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Equalizing the hi-hat

From: Audio Mixing Bootcamp

Video: Equalizing the hi-hat

The hi-hat is the timekeeper of the drum kit, and depending upon the player and the arrangement it can be a signature of a song. Let's look at how we can EQ the hat to make it sound clean and crisp. First thing to remember is that, all hi -hats don't sound the same and that's because of the thickness. Usually studio players tend to get really thin hi-hats. And those sound clean and crisp and usually really good under a microphone. But the problem is they never last if you play live with them because they break and that's why most players will have heavier cymbals.

Equalizing the hi-hat

The hi-hat is the timekeeper of the drum kit, and depending upon the player and the arrangement it can be a signature of a song. Let's look at how we can EQ the hat to make it sound clean and crisp. First thing to remember is that, all hi -hats don't sound the same and that's because of the thickness. Usually studio players tend to get really thin hi-hats. And those sound clean and crisp and usually really good under a microphone. But the problem is they never last if you play live with them because they break and that's why most players will have heavier cymbals.

Now the heavier cymbals will last a lot longer but they don't sound nearly as good under a microphone and tend to clang a little bit. So we can help that with a little bit of EQ. So let's listen to what that sounds like. Concentrate on the hi-hat because we'll hear the entire drum kit. (Music playing) Let's listen to the hi-hat soloed. (Music playing) So take notice of the leakage there.

We hear a lot of kick drum and we hear a lot of the snare drum. So let's go to our EQ plug-ins and once again we will go our trusty native 4-Band EQ. The first thing we are going to do is add a high-pass filter. And the high-pass filter is important because what it will do is it will get rid of a lot of frequencies that we don't need and usually those frequencies are down below 200, 400 cycles, even more. The hi-hat is mostly high frequencies. That's what the ear wants to hear there and anything that's kind of below 200 cycles or so just doesn't register and it just clutters up the mix.

So I want to get rid of that. A way to do that is we add the high- pass filter and near about 12 dB per octave or so and let's bring this up to 200 Hz or so, have a listen from there. (Music playing) Now let's listen with the Bypass and listen to the kick drum. (Music playing) Now let's listen with the filter in. (Music playing) The kick is really attenuated as soon as we get rid of those low frequencies and actually take a notice that we can go pretty drastic here with the high-pass filter and bring it up to even 1K.

And it doesn't affect the sound of the hi-hat all that much. (Music playing) Let's listen in the track, listen what happens. (Music playing) And now let me Bypass it, have a listen. (Music playing) And watch when we put the EQ in. (Music playing) Here, we get rid of a lot of leakage and it sounds pretty crisp as a result.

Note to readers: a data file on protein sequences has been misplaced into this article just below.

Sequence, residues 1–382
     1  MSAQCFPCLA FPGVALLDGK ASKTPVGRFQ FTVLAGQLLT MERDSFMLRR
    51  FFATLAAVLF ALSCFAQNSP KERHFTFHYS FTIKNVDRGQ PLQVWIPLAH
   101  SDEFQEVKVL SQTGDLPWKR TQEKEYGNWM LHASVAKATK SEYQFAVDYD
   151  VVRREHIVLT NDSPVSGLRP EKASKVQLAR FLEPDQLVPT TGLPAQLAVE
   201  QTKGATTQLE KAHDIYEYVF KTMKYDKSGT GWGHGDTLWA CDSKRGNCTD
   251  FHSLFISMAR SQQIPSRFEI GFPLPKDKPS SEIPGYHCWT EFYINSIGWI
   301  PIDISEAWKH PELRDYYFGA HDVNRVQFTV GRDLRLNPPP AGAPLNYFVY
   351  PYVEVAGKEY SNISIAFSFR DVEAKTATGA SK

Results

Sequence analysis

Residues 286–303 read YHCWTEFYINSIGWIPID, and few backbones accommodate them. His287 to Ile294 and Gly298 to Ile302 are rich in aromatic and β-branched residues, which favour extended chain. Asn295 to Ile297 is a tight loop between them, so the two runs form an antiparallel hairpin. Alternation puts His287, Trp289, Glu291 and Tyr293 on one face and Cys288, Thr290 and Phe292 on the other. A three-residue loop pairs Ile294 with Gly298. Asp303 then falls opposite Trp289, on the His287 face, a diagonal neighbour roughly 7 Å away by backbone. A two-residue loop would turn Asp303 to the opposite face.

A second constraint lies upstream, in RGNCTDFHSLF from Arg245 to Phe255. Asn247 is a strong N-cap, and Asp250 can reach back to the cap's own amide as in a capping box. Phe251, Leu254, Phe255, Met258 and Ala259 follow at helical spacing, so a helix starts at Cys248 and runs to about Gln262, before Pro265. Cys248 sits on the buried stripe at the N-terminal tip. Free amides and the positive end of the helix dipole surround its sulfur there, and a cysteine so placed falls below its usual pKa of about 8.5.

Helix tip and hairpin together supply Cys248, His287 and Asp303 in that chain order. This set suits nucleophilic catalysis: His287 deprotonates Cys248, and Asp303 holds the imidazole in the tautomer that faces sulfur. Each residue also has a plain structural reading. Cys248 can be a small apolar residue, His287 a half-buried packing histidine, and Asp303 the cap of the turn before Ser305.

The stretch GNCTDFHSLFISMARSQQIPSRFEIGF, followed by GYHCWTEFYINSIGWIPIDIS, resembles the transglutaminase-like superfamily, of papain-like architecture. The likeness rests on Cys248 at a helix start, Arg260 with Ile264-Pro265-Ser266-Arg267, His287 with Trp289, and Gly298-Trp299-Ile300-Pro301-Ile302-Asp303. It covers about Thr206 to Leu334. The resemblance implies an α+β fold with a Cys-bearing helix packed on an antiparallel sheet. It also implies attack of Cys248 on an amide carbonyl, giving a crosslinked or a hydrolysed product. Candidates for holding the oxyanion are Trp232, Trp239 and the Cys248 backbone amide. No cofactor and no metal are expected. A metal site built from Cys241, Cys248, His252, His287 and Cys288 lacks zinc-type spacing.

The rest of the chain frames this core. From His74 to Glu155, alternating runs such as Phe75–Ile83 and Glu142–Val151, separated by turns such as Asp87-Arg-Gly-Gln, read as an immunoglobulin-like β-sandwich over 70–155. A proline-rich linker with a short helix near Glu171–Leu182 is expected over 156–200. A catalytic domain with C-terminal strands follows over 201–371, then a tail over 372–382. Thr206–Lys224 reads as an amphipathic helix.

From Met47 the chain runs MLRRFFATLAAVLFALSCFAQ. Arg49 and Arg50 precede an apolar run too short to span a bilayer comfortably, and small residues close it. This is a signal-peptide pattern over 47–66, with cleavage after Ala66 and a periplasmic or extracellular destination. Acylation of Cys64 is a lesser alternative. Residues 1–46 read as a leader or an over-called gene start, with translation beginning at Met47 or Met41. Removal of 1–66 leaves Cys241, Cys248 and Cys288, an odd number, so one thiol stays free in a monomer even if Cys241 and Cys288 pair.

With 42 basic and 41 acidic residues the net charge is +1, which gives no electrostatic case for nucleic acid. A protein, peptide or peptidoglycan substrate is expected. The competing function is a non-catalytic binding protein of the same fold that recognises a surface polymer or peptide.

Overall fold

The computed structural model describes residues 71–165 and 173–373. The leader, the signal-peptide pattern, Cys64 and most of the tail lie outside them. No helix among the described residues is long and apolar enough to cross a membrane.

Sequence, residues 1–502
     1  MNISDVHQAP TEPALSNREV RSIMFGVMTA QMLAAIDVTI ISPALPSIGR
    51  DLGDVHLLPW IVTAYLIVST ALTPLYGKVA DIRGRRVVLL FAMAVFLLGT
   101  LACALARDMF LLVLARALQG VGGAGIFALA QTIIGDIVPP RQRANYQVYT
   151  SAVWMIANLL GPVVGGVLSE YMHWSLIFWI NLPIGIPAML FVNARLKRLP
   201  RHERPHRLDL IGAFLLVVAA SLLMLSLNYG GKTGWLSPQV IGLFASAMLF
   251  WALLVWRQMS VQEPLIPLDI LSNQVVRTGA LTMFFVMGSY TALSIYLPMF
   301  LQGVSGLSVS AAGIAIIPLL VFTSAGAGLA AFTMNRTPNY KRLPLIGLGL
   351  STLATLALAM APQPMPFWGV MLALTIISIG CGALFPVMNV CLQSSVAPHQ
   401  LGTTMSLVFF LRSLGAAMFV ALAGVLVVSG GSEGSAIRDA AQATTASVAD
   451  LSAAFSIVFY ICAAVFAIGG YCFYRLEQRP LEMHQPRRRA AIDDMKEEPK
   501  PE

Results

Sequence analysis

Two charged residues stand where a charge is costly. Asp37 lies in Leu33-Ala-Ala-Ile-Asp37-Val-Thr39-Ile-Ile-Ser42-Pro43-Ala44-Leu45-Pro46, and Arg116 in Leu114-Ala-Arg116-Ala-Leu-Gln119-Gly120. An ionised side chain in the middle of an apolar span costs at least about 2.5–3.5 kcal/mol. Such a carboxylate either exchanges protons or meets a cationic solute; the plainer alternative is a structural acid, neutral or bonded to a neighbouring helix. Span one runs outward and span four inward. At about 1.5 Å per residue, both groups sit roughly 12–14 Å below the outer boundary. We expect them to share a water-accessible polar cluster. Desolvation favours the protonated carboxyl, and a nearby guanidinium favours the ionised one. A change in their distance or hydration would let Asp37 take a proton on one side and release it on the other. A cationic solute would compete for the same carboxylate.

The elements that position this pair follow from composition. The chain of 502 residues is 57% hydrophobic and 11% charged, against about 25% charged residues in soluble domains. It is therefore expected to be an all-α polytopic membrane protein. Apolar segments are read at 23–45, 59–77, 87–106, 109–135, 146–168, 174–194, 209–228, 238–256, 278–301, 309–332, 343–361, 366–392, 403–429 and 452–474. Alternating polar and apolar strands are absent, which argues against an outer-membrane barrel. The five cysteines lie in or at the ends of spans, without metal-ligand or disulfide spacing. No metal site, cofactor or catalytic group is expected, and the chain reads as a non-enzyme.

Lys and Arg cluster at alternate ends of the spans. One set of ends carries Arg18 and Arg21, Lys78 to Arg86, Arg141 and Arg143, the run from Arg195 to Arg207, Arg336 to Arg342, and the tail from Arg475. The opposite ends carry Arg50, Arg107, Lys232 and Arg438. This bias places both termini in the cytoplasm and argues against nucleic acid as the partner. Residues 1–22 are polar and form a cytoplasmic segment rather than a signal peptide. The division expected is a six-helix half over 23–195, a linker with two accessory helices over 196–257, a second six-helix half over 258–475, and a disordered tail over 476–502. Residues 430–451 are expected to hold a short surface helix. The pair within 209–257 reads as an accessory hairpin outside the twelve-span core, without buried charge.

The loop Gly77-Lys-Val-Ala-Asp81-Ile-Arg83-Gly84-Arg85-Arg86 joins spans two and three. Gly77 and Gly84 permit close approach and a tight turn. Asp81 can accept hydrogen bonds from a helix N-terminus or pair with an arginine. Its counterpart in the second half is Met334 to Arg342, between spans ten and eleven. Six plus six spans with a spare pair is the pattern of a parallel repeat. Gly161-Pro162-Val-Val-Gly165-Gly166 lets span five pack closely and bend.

I wouldn't go quite up to 1K. I would probably put it at 400, 500 in a Hz there. It is about right. Let's have a listen. (Music playing) And you can hear that the Kick drum is pretty attenuated at that. Once again we are getting rid with a lot of frequencies that don't really add anything to the sound of the hi-hat to begin with. The next thing we are going to do is add a little crispness to it and the crispness and sparkle comes from somewhere between 8 to 12 K or so, and once again it really depends on the sound to begin with. We'll just start at 10K and we are going to exaggerate it here so you can hear it so, we will go to 6dB, have a listen.

(Music playing) Let's listen to some Bypass. (Music playing) I may even come down a little bit a K or so. (Music playing) Let's listen to the track.

(Music playing) And of course, the sound of the hat is filled in through the leakage of all the other drum mikes. So in fact, it never sounds as crisp and clean as when it's soloed, but even so, you can hear just what you need, you can increase definition and that's what we are looking for. So that's how to EQ the hi-hat. Remember that there is not a lot of low frequencies to the sound of the hi-hat, so you can get rid of a lot of the leakage by using a high-pass filter to filter out the bottom end.

Also remember that sparkle from the cymbal comes from around 8 to 10 K.

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This video is part of

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Audio Mixing Bootcamp

103 video lessons · 18991 viewers

Bobby Owsinski
Author

 
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  1. 1m 16s
    1. Welcome
      1m 16s
  2. 8m 20s
    1. Determining the listening position
      2m 27s
    2. Fixing acoustic problems
      2m 5s
    3. Setting up your monitors
      3m 48s
  3. 20m 17s
    1. Setting up your session
      5m 52s